“Interestingly, only internal rotation of the hip was increased in subjects with FV – no differences were present in hip adduction and knee abduction between subjects with and without FV. The authors nevertheless conclude that FV causes significant changes in mechanics of proximal segments in the lower extremity and speculate that during high-speed weight-bearing tasks such as running, the effects of FV on proximal segments in the kinetic chain might be more pronounced.”

We wonder if the folks in this study had a true forefoot varus, or actually a forefoot supinatus (3).

The Gait Guys

1. Illustrated Dictionary of Podiatry and Foot Science by Jean Mooney © 2009 Elsevier Limited.

2. Evans EL1, Catanzariti AR2. Forefoot supinatus.
Clin Podiatr Med Surg. 2014 Jul;31(3):405-13. doi: 10.1016/j.cpm.2014.03.009.

3. Scattone Silva R1, Maciel CD2, Serrão FV3. The effects of forefoot varus on hip and knee kinematics during single-leg squat. Man Ther. 2015 Feb;20(1):79-83. doi: 10.1016/j.math.2014.07.001. Epub 2014 Jul 12.

Forefoot Valgus or Plantarflexed 1st ray?

Hmmm. That IS the question, isn’t it?

We remember that Forefoot valgus is a condition where the forefoot is everted with respect to the rearfoot.

With a plantar flexed 1st ray, the forefoot is actually in varus (ie inverted) and the the 1st ray is dropped (thus, plantar flexed).

If you look at the picture, you will see the entire forefoot is everted, thus we are  looking at a true forefoot valgus. The question here, is “does the 1st ray move into dorsiflexion”? This would be the difference between a flexible (plastic or rigid deformity and is a function of the rigidity of the subtalar and midtarsal joints as well as the flexibility of the 1st ray.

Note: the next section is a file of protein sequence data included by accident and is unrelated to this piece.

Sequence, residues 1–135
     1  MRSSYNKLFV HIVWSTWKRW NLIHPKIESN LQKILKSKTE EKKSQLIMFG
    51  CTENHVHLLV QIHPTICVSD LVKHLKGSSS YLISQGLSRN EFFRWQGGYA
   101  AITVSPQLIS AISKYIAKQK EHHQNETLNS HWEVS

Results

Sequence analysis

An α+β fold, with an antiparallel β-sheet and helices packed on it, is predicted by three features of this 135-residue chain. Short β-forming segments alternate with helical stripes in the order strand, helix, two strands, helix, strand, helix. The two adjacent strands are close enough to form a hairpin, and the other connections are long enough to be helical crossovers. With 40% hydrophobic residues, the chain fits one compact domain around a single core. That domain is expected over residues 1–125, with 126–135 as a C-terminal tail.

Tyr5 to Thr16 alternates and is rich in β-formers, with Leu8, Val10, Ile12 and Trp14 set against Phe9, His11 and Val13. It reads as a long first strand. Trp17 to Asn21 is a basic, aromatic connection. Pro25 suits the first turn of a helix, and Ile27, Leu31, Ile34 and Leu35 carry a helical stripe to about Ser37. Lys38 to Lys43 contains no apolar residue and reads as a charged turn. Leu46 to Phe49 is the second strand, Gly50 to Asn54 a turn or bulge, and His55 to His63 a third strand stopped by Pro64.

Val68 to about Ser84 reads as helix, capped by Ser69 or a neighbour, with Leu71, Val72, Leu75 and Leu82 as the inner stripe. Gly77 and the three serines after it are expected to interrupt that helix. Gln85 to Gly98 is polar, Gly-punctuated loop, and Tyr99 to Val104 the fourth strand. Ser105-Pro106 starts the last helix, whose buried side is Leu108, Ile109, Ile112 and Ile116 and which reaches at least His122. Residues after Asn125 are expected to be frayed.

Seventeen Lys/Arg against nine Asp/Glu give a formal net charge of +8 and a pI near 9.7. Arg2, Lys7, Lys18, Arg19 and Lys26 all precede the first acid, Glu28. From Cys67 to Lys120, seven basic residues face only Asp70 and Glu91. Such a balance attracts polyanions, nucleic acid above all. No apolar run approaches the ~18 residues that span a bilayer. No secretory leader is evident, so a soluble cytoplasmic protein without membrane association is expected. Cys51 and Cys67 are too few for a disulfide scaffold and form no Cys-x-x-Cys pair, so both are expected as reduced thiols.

The literature states that forefoot valgus is the most commonly seen frontal plane deformity of the foot (McPoil 1988, Burns, 1977). We have not found this in clinical practice, but rather forefoot varus. This may be due to most folks seeing us have an issue, and more issues seem to be caused by rigid varus deformities, since they cause the knee to collapse inward.

It’s origin can be multifactorial, ranging from a congenital malformation of the calcaneocuboid joint (more on that joint here) with the absence of a calcanean process, which allows a greater degree of eversion (Bojsen-Moller 1979); over rotation of the talar neck (Sglaraato 1971), or association with a pes cavus foot in compensation to an inverted rearfoot and inflexibilty of the subtalar joint (Lutter 1981). Neuromuscular diseases are believed to cause as many as 95% of these deformities (Dwyer 1975).

The question is, what do we do with it?

  • we insure that the foots mechanics are the best they can be through manipulation and mobilization
  • make sure the joints proximal and distal to the foot are functioning properly
  • muscle test and strengthen weak muscles (think about the poor peroneals in these folks!)
  • make sure they are NOT in a motion control shoe; more flexible is better
  • Make sure their shoe has adequate room in the toe box
  • sometimes, we post the insole of the shoe (or orthotic) in valgus, especially with rigid deformities

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The Gait Guys. Often a valgus slant on a varus reality. Still bald. Still good looking. Improving your gait competency with each post.